Legal Documents that College Students Shouldn’t Leave Home Without
- Estate Planning
- October 12, 2022
It is a daunting task to prepare for your child to go to college. Now that the enrollment deposit has been paid, the dorm application is complete, and you’ve purchased their first official college sweatshirt, you can breathe – right? Not necessarily. College is an exciting and emotional time for both parents and students. As parents, we are sometimes so consumed with raising our children, that we tend to see them as just that – children. However, the truth is, in the eyes of the law, the apron strings are cut the moment they turn 18.
Any number of emergencies or disputes could arise when a student goes off to college. Issues such as a disagreement with a landlord, a speeding ticket, or heaven forbid – an accident. Parents lose the ability to make medical decisions, financial decisions, or obtain grades and disciplinary information from their child’s school once the child is 18 years old, even if the parents are the ones writing the check. So what does this mean for you and your child?
If your student would like for you to continue to be involved in those important decisions, they would need to complete legal documents that would allow you to intercede on their behalf.
Here are five important legal documents recommended for your college aged child:
- Family Educational Rights & Privacy Act (FERPA) Waiver
- Healthcare Power of Attorney
- Living Will
- HIPAA Release
- Financial Power of Attorney
The Family Educational Rights & Privacy Act transfers the rights of educational information such as transcripts, GPAs, enrollment status, financial aid, and class schedules to the student when they reach the age of 18 (with few exceptions). The FERPA waiver allows the student to appoint a parent (or other adult) to receive educational records and information.
Healthcare Power of Attorney
A medical power of attorney allows parents the ability to make vital medical decisions if their adult child is incapacitated or otherwise unable to do so.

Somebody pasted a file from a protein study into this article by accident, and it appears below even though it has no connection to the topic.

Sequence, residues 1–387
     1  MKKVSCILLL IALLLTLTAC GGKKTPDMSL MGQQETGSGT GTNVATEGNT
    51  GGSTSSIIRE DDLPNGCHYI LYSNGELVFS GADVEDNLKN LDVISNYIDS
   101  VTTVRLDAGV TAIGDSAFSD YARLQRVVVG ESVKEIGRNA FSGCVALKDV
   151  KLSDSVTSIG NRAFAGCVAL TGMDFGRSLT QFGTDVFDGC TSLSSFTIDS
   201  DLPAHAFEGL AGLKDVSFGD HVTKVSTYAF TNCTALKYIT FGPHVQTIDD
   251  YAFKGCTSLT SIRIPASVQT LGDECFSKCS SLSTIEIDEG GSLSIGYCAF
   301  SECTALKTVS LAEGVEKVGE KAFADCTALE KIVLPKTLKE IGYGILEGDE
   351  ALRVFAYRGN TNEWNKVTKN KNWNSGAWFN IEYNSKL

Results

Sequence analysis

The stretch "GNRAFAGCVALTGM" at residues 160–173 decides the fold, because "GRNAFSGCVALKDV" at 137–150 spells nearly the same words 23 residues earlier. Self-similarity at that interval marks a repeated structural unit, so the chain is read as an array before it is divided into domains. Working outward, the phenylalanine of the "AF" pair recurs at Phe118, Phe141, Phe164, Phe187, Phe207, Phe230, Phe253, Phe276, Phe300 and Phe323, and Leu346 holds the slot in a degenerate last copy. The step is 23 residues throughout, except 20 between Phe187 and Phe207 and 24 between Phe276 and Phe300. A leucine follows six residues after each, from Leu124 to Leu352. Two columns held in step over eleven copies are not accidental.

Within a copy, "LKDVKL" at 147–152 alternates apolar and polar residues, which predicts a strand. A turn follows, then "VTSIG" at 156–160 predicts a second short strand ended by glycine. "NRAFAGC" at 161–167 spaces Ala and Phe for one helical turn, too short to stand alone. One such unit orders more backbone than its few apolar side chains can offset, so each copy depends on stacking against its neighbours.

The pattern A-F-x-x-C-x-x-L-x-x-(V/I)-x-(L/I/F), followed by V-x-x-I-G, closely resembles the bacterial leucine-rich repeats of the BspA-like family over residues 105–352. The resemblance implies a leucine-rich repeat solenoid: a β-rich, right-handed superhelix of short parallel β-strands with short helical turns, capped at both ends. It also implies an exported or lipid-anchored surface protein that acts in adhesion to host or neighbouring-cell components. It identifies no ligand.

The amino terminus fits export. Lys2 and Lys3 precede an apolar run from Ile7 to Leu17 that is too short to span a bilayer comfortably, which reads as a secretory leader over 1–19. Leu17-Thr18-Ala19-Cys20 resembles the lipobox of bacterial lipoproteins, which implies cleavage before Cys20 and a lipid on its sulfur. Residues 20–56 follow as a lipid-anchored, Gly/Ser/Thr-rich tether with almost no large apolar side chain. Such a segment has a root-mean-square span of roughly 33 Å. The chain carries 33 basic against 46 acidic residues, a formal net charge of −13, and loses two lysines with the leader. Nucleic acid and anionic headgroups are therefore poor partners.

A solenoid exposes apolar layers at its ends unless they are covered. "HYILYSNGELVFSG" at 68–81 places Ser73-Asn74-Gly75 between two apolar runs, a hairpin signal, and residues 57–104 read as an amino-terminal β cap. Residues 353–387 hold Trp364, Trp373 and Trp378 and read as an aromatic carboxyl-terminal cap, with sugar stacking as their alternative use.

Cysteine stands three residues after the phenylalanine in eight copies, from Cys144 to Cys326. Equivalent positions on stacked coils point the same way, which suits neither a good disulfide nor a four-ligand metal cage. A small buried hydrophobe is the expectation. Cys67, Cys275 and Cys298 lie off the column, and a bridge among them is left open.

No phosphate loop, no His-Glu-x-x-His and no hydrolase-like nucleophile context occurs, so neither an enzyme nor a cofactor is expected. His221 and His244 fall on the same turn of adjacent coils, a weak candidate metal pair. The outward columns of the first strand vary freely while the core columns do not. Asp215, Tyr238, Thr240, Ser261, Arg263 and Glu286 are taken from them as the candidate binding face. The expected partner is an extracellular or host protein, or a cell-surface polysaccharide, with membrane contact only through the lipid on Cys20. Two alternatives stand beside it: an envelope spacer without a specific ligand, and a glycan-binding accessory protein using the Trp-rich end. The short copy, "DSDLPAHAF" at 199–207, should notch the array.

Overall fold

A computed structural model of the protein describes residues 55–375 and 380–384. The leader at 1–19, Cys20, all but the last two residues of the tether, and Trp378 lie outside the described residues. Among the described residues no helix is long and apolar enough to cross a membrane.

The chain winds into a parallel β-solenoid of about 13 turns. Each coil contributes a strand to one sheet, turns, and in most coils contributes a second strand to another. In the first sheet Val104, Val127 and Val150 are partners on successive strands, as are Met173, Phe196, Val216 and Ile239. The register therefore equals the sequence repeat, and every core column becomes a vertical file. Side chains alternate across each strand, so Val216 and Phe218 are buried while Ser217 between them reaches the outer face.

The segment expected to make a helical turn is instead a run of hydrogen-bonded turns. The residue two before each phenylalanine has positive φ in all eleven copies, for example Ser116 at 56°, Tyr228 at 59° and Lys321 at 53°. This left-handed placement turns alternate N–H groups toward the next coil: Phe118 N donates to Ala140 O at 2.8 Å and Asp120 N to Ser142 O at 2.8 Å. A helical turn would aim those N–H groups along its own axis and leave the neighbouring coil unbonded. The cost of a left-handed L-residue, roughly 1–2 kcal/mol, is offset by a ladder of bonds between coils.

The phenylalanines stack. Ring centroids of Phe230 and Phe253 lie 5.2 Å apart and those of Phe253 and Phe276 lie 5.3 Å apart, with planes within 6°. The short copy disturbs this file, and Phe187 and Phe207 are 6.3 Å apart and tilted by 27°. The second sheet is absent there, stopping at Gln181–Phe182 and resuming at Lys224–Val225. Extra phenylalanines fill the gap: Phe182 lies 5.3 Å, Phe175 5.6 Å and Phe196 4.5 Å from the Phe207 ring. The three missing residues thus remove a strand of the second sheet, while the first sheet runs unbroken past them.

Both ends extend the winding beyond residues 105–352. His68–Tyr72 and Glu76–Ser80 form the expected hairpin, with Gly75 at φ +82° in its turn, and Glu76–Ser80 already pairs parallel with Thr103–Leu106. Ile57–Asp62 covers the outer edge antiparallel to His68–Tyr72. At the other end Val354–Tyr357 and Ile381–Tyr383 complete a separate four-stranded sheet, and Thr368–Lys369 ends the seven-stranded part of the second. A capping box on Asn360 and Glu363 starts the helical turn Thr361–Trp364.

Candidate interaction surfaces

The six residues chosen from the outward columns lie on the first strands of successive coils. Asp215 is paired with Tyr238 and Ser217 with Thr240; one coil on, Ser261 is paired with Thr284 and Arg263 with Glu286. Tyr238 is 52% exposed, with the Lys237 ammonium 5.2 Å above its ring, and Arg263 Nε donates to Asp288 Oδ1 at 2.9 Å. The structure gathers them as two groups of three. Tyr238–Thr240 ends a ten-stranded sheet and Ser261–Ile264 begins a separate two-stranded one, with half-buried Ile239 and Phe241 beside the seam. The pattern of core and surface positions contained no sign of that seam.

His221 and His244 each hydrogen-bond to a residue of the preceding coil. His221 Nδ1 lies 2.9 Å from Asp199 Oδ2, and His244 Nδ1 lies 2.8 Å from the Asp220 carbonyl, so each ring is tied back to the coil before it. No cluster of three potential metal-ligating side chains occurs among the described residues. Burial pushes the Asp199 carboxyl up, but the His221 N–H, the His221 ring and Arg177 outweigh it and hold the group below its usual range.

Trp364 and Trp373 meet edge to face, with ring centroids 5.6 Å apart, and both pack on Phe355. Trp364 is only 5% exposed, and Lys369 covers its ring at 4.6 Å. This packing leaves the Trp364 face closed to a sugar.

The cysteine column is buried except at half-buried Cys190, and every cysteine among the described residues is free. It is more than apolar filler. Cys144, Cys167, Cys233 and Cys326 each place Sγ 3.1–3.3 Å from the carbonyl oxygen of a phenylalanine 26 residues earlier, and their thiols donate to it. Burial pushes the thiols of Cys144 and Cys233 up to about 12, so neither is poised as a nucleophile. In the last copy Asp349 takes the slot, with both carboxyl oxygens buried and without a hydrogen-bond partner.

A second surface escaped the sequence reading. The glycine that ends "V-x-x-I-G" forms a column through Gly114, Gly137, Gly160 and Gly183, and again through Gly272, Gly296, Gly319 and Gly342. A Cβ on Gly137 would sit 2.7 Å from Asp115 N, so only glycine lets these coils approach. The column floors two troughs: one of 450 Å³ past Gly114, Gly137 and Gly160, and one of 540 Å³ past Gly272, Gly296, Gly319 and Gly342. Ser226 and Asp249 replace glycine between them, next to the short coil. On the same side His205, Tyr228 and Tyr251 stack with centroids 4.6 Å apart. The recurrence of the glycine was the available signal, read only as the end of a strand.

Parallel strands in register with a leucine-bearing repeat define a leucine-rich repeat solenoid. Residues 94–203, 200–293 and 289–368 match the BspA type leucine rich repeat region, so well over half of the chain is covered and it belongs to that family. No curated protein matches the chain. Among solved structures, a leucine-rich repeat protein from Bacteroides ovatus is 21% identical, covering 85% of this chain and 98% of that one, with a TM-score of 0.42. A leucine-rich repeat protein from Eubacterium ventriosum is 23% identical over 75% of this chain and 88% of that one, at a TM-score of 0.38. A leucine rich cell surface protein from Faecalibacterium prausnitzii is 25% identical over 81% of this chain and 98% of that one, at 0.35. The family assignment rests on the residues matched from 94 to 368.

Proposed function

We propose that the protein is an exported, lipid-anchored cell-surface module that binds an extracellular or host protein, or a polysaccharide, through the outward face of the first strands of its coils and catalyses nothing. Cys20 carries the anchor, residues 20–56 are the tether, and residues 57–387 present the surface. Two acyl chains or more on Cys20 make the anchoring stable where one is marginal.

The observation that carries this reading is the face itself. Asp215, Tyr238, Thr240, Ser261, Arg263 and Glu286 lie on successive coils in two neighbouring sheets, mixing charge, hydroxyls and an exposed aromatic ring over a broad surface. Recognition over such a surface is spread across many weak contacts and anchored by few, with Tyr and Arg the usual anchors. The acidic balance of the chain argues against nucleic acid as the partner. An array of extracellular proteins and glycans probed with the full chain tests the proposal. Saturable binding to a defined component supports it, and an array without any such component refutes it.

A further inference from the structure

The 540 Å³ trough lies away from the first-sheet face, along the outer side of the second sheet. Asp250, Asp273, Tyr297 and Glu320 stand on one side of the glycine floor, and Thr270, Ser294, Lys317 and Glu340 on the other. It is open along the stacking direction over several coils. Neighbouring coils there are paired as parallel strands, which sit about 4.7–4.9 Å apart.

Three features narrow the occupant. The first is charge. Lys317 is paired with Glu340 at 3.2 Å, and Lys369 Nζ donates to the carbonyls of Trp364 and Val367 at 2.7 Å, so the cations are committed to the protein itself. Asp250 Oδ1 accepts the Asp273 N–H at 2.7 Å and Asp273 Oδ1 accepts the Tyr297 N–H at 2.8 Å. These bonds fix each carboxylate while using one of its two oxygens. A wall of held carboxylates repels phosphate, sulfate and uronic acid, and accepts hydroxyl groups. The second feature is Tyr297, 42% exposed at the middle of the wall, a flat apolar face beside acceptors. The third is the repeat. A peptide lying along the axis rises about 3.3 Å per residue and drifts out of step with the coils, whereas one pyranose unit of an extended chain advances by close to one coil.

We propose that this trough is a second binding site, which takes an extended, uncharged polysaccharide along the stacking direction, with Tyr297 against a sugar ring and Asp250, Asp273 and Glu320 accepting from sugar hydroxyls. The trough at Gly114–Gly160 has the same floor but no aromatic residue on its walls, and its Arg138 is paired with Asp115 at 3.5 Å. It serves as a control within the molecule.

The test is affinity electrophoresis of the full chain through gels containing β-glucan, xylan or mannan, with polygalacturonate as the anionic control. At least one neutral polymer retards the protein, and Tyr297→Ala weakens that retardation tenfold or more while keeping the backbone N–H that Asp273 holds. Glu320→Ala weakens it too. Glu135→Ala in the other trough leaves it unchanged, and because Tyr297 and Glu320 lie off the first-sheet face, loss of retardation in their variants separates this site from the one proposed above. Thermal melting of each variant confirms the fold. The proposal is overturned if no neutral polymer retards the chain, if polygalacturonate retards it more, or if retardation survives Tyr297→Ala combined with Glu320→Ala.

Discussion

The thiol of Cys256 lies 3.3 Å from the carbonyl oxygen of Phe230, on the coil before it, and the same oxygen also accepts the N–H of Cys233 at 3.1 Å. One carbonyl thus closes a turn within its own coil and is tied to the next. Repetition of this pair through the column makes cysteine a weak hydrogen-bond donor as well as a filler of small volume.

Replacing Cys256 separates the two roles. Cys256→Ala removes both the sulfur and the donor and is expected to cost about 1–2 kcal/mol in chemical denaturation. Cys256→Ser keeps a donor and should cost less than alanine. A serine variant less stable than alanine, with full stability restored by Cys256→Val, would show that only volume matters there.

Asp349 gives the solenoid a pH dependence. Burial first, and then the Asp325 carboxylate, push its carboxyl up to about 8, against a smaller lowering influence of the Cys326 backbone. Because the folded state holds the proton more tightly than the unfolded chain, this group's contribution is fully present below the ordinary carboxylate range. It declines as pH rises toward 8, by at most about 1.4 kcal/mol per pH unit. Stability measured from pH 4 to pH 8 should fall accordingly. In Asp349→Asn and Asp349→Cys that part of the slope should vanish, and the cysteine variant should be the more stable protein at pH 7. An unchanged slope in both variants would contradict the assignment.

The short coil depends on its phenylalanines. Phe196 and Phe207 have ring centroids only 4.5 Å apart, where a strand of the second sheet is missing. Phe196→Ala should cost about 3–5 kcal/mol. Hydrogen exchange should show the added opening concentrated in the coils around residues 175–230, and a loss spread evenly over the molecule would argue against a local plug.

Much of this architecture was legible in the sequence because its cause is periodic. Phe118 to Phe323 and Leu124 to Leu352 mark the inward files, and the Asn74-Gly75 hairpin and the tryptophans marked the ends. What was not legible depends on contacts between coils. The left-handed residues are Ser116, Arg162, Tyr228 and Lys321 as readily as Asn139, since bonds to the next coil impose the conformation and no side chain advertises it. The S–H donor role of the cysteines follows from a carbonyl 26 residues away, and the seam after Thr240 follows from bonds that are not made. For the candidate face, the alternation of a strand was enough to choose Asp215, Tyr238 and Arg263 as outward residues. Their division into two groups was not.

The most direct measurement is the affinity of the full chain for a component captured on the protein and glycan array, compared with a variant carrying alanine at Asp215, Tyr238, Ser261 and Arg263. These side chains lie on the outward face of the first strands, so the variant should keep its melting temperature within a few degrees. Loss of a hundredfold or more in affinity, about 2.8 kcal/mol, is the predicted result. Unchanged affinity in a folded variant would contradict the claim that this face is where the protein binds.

A living will outlines the student’s preferences for end-of-life medical care, donating of organs, and life-extending medical treatment in the event they are in a vegetative state for an extended period of time.
The Health Insurance Portability and Accountability Act (HIPAA) Release authorizes healthcare professionals to release medical information such as diagnosis, medication, treatments, and test results to a designated person(s). Without this authorization, doctors are prohibited from giving this information to parents.
Financial Power of Attorney
Once your child reaches the age of 18, their finances also become private. While it is a good idea to set up a joint bank account so that you can deposit money for food, books, and other necessities, it is also important to have a financial or durable power of attorney in place. This will allow the parents to pay bills in the event the student is incapacitated. This also allows parents to be able to renew car registrations, sign titles, or complete financial transactions for students in the event they are unable.
These important documents should be completed when your child turns 18 or at the latest, when they leave for college. If the student is going to a college out-of-state, it may be necessary to complete documents that comply with each state’s requirements.
To learn more about legal documents for college students, schedule an appointment with the estate planning attorneys of Rampulla & Newstad LLP.